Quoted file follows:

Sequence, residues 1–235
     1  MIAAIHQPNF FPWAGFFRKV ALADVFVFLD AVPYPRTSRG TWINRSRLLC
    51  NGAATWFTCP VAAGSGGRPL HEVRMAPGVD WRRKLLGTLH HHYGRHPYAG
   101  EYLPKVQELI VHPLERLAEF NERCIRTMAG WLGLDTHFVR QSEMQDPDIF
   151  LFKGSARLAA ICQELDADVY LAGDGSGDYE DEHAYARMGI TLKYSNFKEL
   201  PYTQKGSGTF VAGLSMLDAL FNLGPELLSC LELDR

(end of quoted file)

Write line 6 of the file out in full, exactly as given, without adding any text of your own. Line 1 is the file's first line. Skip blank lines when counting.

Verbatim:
   201  PYTQKGSGTF VAGLSMLDAL FNLGPELLSC LELDR